\((\mathbb{X}, \{ d_{\alpha} \} _{\alpha} )\) is complete if each Cauchy sequence converges in \(\mathbb{X}\).


Proposition 2.8

Let \((\mathbb{X}, \{ d_{\alpha} \} _{\alpha} )\) be a cone pseudo-metric space over a solid convex cone \(\mathbb{K}\subset \mathbb{Y}\), where \(\mathbb{Y}\) is a locally convex space.

Then, for each \(\alpha\in\Lambda\), we get
$$ d_{\alpha} (x_{n},x ) \longrightarrow \theta\quad\iff\quad \delta_{\alpha} (x_{n},x )=\xi_{e} \bigl( d_{\alpha} (x_{n},x ) \bigr) \longrightarrow 0 . $$


It is similar to the proof of Theorem 3.2 in [25]. □

Using this pseudo-metric \(\delta_{\alpha}\), we keep saying that \((\mathbb{X}, \{ \delta_{\alpha} \} _{\alpha} )\) is a pseudo-metric space over a solid convex cone \(\mathbb{K}\).

3 Fixed point theorems

Recall that the most famous ordering principle.

Theorem 3.1


Let \((W,\precsim )\) be a quasi-ordered set (i.e. is a reflexive and transitive relation), and let \(\varPsi:W\longrightarrow\mathbb{R}\) be a function satisfying the following conditions:

Ψ is bounded below;


\(w_{1}\precsim w_{2}\Longrightarrow\varPsi (w_{1} )\leqslant\varPsi (w_{2} )\);


For every decreasing sequence \(\{ w_{n} \} _{n\in\mathbb {N}}\subset W\) with respect to ‘, there exists \(w\in W\) such that \(w\leqslant w_{n}\) for all \(n\in\mathbb{N}\).

Then, for every \(w_{0}\in W\), there exists \(\bar{w}\in W\) such that

\(\bar{w}\precsim w_{0}\);


\(\hat{w}\precsim\bar{w}\Longrightarrow\varPsi (\hat{w} )=\varPsi (\bar{w} )\).

In particular, if we strengthen (B2) to

\((w_{1}\precsim w_{2}, w_{1}\neq w_{2} )\Longrightarrow\varPsi (w_{1} )<\varPsi (w_{2} )\),


\(\hat{w}\precsim\bar{w}\Longrightarrow\hat{w}=\bar{w}\), that is, is minimal in W with respect to ‘.


See Corollary 1 in [8]. □

Now we are able to give the main result of this section.

Theorem 3.2

Let \((\mathbb{\mathbb{Y}}, \{ p_{i} \} _{i\in I} )\) a complete separated locally convex space, \((\mathbb{X}, \{ \delta_{\alpha} \} _{\alpha\in\Lambda } )\) be a complete Hausdorff pseudo-metric space over a solid convex cone \(\mathbb{K}\), \(T:\mathbb{X}\longrightarrow2^{\mathbb{X}}\) and \(S:\mathbb{X}\longrightarrow2^{\mathbb{Y}}\) two set-valued maps with nonempty values.

Suppose that, for every \((\alpha,i )\in\Lambda\times I\) and two constants \(c_{\alpha},c_{i}>0\), there exist lower semicontinuous functions \(\varphi_{\alpha i}:\mathbb{\mathbb{Y}}\longrightarrow [0,\infty )\), and for each \((x,y )\in G_{S}\), there exist \(u\in Tx\) and \(v\in Su\) such that
$$ \max \bigl\{ c_{\alpha}\delta_{\alpha} (x,u ),c_{i}p_{i} (y-v ) \bigr\} \leqslant\varphi_{\alpha i} (y )-\varphi _{\alpha i} (v ). $$
Then T has a fixed point in \(\mathbb{X}\).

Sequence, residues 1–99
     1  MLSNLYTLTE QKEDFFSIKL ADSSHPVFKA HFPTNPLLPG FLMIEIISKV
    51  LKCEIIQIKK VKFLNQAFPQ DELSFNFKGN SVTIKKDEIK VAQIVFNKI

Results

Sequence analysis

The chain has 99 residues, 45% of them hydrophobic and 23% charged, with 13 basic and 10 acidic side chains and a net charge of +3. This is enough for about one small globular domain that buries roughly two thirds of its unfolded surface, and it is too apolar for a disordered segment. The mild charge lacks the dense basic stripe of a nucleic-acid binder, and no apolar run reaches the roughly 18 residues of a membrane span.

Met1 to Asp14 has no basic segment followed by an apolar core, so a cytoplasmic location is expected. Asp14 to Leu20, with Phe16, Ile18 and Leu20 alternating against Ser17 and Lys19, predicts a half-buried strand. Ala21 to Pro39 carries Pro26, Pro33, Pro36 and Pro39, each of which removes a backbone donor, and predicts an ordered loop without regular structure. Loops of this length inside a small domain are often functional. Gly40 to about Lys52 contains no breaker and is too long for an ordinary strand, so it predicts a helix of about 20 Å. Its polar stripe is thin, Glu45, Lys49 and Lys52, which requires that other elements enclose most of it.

$$ W_{0}= \bigl\{ (x,y )\in G_{S} ; \forall (\alpha,i )\in \Lambda\times I, \max \bigl\{ c_{\alpha}\delta_{\alpha} (x_{0},x ),c_{i}p_{i} (y_{0}-y ) \bigr\} +\varphi_{\alpha i} (y )\leqslant\varphi_{\alpha i} (y_{0} ) \bigr\} $$
for some \((x_{0},y_{0} )\in G_{S}\). Then \(W_{0}\) is a nonempty closed subset of \(G_{S}\). Indeed, let \((x_{n},y_{n} )_{n}\) be a sequence in \(W_{0}\) that converges to \((x,y )\), that is, \(\lim_{n\rightarrow\infty} p_{i} (y_{n}-y )=0\). Since for each \((\alpha,i )\in\Lambda\times I\), the function \(\varphi_{\alpha i}\) is lower semicontinuous, that is,
$$ \varphi_{\alpha i} (y )\leqslant \liminf_{n\rightarrow\infty} \varphi_{\alpha i} (y_{n} ) , $$
we have
$$\begin{aligned} c_{i}p_{i} (y_{0}-y ) \leqslant& c_{i}p_{i} (y_{0}-y_{n} )+c_{i}p_{i} (y_{n}-y ) \\ \leqslant& \varphi_{\alpha i} (y_{0} )-\varphi_{\alpha i} (y_{n} )+c_{i}p_{i} (y_{n}-y ) \\ \leqslant& \varphi_{\alpha i} (y_{0} )- \liminf _{k\rightarrow\infty}\varphi_{\alpha i} (y_{k} )+c_{i}p_{i} (y_{n}-y ) \\ \leqslant& \varphi_{\alpha i} (y_{0} )-\varphi_{\alpha i} (y )+c_{i}p_{i} (y_{n}-y ). \end{aligned}$$
So, taking the limit with respect to n, we get \(c_{i}p_{i} (y_{0}-y ) \leqslant\varphi_{\alpha i} (y_{0} )-\varphi _{\alpha i} (y )\), and by similar arguments we get
$$ c_{\alpha}\delta_{\alpha} (x_{0},x )\leqslant \varphi_{\alpha i} (y_{0} )-\varphi_{\alpha i} (y ) . $$
Hence, \(\max \{ c_{\alpha}\delta_{\alpha} (x_{0},x ),c_{i}p_{i} (y_{0}-y ) \} +\varphi_{\alpha i} (y )\leqslant\varphi_{\alpha i} (y_{0} )\), so that \((x,y )\in W_{0}\).
Now we define a binary relation in \(W_{0}\) as follows: for every \((x_{1},y_{1} )\) and \((x_{2},y_{2} )\) in \(W_{0}\),
$$ (x_{1},y_{1} )\precsim (x_{2},y_{2} ) \quad \Longleftrightarrow\quad \max \bigl\{ c_{\alpha}\delta_{\alpha} (x_{1},x_{2} ),c_{i}p_{i} (y_{1}-y_{2} ) \bigr\} \leqslant \varphi_{\alpha i} (y_{2} )-\varphi_{\alpha i} (y_{1} ) $$
for each \((\alpha,i )\in\Lambda\times I\). We can show that the relation is an ordering on \(W_{0}\).
Next, we show that, for every decreasing sequence \((x_{n},y_{n} )_{n\in\mathbb{N}}\subset W_{0}\) with respect to ‘’, there exists \((x^{*},y^{*} )\in W_{0}\) such that \((x^{*},y^{*} )\precsim (x_{n},y_{n} )\) for all \(n\in\mathbb{N}\). Let \((x_{n},y_{n} )_{n\in\mathbb{N}}\) be a -decreasing sequence in \(W_{0}\). Then, for any \(m,n\in \mathbb{N}\) such that \(m\geqslant n\), we have